I have a friend who is a quarter Native American. We were talking about what we were doing for the holiday over our Thanksgiving dinner on campus, and she laughed and said her family doesn’t really like Thanksgiving, for obvious reasons. And that was when it hit me, that Thanksgiving celebrates many of the same atrocities that Columbus Day lauds, and it’s a bit hypocritical for me to abhor the latter while wholeheartedly celebrating the former. I feel obligated to recognize how problematic this holiday is, how we are officially celebrating the exploitation and subsequent near-destruction of a people.
But there is one major thing that separates Thanksgiving from Columbus Day: no one knows what we’re celebrating on Columbus Day, except a day off of school or work for some. On Thanksgiving, we know what we’re celebrating: family, friendship, love, and quite a bit of privilege. We journey across the country to visit our families, taking part in old traditions and creating our own, cooking together, laughing together, sharing memories, and remembering how much we really do love each other, even if we don’t get together as often as we’d like. Today, Thanksgiving is meant to be a day of joy and togetherness, and so even though the day was created out of terrible legacies, I am thankful for what it has become in modern times.
First and foremost, this year I am thankful for my family and all of our relative healths, and that I can sit in this room typing this with my grandmother reading a book on one side of me and my mother on the other side. I am thankful that we are all able to come together and cook this meal together this year, a tradition I hope we’ll be able to continue for many years to come. I am thankful that my grandmother wants to write her recipes down into a cookbook, and that she wants my help. I am thankful for the counter full of sweet potato pies, some of which have my name on them. But most of all, I am thankful for the powerful powerful love in this room, even when it comes in the form of teasing. I am thankful for my loving father, and my caring older sister and niece, and my recently re-discovered ex-step-brother, even though I couldn’t be with them this holiday.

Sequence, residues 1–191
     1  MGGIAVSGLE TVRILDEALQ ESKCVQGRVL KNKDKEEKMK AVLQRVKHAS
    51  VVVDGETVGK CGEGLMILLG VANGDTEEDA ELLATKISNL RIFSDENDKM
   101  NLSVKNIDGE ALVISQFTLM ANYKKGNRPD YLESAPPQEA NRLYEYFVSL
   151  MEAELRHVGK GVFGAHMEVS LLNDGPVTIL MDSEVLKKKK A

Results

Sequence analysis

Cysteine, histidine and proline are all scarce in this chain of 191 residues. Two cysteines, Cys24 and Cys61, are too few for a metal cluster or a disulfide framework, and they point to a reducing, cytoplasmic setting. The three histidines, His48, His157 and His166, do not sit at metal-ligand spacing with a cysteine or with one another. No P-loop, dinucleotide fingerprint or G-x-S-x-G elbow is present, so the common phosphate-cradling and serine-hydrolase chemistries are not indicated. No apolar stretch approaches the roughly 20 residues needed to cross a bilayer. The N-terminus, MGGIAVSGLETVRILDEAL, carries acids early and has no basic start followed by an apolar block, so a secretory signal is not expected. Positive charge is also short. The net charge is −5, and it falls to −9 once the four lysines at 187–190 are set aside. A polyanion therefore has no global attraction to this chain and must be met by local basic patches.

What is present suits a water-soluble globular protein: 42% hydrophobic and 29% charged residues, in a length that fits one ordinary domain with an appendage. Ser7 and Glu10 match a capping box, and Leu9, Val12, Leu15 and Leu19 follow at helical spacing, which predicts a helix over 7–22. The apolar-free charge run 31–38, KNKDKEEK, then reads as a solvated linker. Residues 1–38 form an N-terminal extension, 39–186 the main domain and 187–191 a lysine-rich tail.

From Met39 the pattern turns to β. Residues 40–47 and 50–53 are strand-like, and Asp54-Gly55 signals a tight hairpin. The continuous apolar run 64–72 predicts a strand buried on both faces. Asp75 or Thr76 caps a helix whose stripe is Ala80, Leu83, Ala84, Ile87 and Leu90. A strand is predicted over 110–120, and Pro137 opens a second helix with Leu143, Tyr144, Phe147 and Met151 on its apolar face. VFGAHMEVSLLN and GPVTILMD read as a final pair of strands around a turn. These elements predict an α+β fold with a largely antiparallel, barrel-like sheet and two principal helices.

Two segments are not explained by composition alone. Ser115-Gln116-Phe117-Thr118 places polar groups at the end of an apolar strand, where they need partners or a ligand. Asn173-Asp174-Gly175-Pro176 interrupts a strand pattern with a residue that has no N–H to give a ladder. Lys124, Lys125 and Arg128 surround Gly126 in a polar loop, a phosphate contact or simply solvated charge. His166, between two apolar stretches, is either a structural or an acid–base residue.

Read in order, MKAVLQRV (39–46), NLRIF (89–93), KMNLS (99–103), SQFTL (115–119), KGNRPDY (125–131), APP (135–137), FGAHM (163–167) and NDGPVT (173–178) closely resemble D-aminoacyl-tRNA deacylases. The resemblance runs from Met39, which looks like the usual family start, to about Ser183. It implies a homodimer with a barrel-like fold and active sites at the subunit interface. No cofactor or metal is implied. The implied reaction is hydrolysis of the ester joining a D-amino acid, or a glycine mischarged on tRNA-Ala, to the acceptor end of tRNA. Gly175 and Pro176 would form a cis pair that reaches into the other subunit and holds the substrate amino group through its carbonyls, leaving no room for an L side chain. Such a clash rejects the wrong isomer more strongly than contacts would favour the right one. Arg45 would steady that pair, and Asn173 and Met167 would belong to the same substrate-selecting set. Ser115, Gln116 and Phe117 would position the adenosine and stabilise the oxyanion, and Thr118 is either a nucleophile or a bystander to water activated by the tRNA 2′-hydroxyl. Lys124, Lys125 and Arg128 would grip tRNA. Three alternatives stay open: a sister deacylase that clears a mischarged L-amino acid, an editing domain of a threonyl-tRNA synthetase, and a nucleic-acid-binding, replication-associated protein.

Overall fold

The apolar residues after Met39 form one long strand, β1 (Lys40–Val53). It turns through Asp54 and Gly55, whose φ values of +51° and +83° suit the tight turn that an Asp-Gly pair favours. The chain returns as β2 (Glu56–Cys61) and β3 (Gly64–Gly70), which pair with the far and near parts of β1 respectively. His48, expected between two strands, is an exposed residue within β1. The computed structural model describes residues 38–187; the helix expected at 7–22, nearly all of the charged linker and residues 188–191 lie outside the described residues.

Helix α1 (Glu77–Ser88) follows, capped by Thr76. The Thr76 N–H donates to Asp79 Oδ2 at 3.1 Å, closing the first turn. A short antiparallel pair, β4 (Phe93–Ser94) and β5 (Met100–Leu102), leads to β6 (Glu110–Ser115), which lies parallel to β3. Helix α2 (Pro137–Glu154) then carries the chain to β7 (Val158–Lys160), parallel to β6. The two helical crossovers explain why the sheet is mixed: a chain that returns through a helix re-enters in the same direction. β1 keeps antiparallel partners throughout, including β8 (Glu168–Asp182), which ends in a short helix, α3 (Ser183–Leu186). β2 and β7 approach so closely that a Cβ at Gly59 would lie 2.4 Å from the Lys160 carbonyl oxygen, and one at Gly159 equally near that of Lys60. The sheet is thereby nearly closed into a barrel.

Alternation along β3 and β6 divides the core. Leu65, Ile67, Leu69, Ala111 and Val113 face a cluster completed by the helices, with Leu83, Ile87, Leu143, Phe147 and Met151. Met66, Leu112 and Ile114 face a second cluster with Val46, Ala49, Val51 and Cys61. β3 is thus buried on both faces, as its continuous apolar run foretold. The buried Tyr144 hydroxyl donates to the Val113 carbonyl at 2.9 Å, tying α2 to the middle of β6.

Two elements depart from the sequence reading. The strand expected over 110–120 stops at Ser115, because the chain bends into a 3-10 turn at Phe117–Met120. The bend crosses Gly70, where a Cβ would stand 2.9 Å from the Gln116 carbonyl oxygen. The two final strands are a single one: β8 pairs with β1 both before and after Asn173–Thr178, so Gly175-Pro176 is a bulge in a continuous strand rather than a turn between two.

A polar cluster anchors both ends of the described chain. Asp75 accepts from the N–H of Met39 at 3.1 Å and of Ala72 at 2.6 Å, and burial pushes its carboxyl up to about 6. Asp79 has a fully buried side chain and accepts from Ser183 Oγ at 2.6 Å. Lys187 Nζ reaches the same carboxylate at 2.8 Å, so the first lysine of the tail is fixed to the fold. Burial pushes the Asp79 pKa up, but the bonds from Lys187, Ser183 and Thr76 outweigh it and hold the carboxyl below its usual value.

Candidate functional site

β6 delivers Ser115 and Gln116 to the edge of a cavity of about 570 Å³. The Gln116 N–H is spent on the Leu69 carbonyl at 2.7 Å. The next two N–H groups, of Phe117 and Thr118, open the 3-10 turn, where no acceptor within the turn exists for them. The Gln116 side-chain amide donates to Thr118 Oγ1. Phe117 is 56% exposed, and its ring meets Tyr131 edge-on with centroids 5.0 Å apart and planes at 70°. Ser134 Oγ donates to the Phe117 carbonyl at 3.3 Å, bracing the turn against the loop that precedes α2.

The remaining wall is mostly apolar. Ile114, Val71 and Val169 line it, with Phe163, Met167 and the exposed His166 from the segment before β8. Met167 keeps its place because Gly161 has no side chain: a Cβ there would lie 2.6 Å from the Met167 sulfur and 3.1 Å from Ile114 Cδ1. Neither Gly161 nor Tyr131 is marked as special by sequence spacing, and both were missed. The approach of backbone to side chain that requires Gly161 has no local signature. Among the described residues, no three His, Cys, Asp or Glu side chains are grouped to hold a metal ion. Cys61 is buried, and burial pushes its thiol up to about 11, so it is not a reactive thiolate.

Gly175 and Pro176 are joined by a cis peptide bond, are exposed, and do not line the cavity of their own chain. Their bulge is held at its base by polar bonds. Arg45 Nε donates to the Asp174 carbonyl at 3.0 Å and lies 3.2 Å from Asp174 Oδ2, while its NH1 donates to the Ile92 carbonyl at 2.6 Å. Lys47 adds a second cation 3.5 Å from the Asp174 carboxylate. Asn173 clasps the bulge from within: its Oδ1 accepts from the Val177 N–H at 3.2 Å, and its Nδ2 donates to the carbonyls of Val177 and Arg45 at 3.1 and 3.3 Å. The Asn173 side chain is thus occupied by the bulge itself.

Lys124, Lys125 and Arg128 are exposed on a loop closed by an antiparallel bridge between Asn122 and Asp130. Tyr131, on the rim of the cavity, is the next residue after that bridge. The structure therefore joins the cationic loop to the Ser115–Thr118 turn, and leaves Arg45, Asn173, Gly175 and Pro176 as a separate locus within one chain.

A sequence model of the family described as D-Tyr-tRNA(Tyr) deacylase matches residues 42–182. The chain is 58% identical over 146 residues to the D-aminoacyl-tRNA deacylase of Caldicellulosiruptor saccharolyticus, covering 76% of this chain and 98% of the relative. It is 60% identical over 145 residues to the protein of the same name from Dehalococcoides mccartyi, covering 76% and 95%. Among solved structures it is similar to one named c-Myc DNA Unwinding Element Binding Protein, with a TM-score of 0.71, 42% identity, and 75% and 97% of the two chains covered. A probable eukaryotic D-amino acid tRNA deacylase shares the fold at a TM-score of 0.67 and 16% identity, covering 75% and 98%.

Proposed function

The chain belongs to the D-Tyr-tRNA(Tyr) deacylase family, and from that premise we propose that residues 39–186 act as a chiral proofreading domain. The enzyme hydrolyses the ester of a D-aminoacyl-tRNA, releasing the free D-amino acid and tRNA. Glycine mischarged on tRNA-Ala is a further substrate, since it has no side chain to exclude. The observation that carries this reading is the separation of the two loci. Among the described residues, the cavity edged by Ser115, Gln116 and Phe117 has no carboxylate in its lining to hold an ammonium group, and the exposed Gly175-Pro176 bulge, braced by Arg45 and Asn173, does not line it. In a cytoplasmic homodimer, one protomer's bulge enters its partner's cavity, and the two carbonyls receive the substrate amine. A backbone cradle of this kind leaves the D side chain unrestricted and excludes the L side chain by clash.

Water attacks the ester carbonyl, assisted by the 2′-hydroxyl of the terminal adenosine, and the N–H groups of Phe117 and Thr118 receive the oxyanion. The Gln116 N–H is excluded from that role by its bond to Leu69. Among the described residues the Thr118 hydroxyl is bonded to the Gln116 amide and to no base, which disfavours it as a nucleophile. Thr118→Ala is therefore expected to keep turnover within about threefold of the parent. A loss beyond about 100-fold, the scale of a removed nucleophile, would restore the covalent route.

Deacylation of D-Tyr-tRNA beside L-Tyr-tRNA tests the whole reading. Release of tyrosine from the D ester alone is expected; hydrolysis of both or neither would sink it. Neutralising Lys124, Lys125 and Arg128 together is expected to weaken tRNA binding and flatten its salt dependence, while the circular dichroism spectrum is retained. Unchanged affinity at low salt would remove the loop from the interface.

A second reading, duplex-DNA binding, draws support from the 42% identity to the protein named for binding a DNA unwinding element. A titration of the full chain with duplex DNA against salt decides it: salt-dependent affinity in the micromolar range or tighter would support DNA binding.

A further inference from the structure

Next, I am incredibly thankful for Princeton, as corny as it sounds. Nearly everything about my life as it stands today is unrecognizable from my life a mere four years ago, and the change is for the better is the vast majority of ways. I am obviously thankful for the academic atmosphere, the classes I’ve taken and the incredible minds (both of my professors and my classmates) that I’ve gotten to work with, and for the myriad opportunities I’ve been given (financial aid, job, internships, mentors, acting, leadership, trips to Broadway, meeting famous people). I am thankful for the friendships I’ve spent various fractions of the past 3.5 years cultivating; I mean it when I say you all have changed my life for the better in so many ways. I might even be more thankful for the lessons I’ve learned outside the classroom, as taught by my friendships and other relationships, than for that which I’ve learned from books and lectures. I have learned myself by knowing you.
Two particular subsets of Princeton deserve shout-outs. Firstly, I am thankful for what I will call “Black Princeton,” being “the Black community” ambiguously defined, as well as the Center for African-American Studies and the Carl A. Fields Center. You introduce me to sides of myself I didn’t know, eased an uneasiness I hadn’t even been aware of. I always say I “learned how to be Black” at Princeton, and that was all you, and I’m so incredible grateful. You taught me the meaning of community, both in giving me the all-inclusive-ness I desperately needed and in giving me the space I needed to branch out. And secondly, I am thankful for the community I branched out into: Quad. I am thankful for the somewhat haphazard series of decisions that brought me to you and to the officer corps. I am thankful for the diversity of backgrounds, experiences, majors, and ideals we share, and the ever-expanding dinner table and large library where conversations that explore this diversity happen. I am thankful for having been turned into a functional alcoholic responsible drinker, and for a safe space in which my inhibitions have been lowered to a level I’m much more comfortable with. Both of these communities have changed me fundamentally, and I don’t know what I’d do without either.
I am thankful for my friends from childhood/adolescence, because even though sometimes I feel like I’ve drifted away from you guys, as soon as we have a good conversation or hang out, it’s like no time has passed at all. I’m thankful that we grew up (and are still growing up) together, and that after all these years, many of my memories with you all are still counted among the best of my life.
I am thankful for the privileges I have been afforded, for technology, for my job, for the #Occupy movement, for online shopping, for dreaming about roadtrips, for music, for clearance racks, for Integrated Gmail, for etsy, for ebay, for libraries, for my health, my memory, for being able to help my mom when she needs it, for feeling appreciated, for having others to appreciate, for the fight for social justice and equal rights, and for the struggle, because growth must be rooted in frustration. I am thankful for my life, and everything it entails.